The refugees, overwhelmingly women, children and youths, are scattered across a 160 km-wide front from Imusho in the south, at the corner of the Namibian-Angolan border, to Shangombo further north. Estimates of numbers vary from 10,000 to 17,000 people, with the bulk concentrated in encampments dotted around the hamlet of Sinjembela.
The refugees are mainly from around the UNITA rebel base of Jamba, captured by the Angolan army late last year. They are described as "semi-urban", well educated, and in better shape than the rural Angolans that have fled the on-going fighting into Zambia.
But they are also perceived as sympathetic to UNITA, which raises security concerns. "Everybody is worried about reprisal attacks," UNHCR spokesman Dominik Bartsch told IRIN. "All the refugees in Sinjembela want to move as quickly as possible, Sinjembela sits right on the border."
UNHCR is struggling to overcome terrain and logistical problems that are hampering the movement of the refugees to Nangweshi, 120 km further inland. The first 40-50 km of the journey is through waterlogged wetlands, and the remainder sandy soil with overhanging branches which slows the trucks to little more than walking pace.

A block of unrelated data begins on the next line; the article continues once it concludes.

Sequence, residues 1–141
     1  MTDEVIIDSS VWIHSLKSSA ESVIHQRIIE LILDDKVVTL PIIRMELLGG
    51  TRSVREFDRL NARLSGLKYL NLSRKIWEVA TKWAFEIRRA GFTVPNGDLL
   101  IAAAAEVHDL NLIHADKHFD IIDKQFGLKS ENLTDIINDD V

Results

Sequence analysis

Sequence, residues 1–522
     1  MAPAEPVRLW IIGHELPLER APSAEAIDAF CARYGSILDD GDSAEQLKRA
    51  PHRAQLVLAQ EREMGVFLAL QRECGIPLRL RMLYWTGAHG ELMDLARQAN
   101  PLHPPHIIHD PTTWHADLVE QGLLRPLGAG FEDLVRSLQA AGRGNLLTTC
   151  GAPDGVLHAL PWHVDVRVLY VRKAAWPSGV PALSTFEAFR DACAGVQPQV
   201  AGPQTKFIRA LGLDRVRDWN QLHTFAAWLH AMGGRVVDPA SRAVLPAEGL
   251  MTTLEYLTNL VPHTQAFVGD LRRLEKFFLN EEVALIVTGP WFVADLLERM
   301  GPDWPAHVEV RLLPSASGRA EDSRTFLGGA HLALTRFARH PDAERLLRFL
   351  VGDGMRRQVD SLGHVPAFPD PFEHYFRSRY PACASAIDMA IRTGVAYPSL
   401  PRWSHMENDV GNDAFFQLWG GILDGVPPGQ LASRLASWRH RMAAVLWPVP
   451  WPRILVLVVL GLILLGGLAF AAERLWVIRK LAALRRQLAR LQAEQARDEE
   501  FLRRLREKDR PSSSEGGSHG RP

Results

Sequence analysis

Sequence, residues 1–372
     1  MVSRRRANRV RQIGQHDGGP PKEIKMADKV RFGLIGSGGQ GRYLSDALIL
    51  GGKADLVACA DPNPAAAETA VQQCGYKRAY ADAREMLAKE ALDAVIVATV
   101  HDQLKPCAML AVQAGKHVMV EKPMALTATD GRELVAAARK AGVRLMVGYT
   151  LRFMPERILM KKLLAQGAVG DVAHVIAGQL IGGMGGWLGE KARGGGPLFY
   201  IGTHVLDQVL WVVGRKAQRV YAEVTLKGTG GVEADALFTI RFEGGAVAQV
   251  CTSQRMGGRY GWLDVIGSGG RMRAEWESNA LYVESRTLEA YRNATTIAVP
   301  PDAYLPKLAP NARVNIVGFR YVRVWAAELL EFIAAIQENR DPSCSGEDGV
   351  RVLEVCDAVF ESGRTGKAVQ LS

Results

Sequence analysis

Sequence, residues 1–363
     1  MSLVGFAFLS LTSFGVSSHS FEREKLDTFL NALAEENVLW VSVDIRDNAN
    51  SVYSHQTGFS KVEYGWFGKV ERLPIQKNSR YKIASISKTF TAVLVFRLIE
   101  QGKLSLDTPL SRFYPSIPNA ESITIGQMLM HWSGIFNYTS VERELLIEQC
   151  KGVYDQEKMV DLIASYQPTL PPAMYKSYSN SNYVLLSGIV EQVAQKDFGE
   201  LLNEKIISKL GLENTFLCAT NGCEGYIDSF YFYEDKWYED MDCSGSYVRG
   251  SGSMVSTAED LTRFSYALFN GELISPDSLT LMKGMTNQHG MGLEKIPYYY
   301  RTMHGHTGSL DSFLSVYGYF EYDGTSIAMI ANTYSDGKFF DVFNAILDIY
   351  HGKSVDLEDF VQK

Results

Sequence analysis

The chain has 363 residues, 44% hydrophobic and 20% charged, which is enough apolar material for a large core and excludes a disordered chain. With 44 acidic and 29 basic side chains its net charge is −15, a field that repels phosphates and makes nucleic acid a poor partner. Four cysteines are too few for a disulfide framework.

UNHCR's seven trucks and four tractors can only ferry some 800 people a-week. One return trip takes almost three days. "Even if we had 20 trucks we couldn't move more than 1,500 a-week," Bartsch said. UNHCR is considering the option of setting up mobile way station to allow some of the refugees to make the journey on foot.
Meanwhile, under a joint UNICEF and Zambian government programme, medical supplies to cover 10,000 people for three months arrived in Sinjembela last week. Two medical personnel provided by the government are in place, with a further two expected shortly. "The health situation is under control for the time being, but due to the rainy season dysentery cases could increase," UNICEF's Kiyoshi Nakamitsu told IRIN
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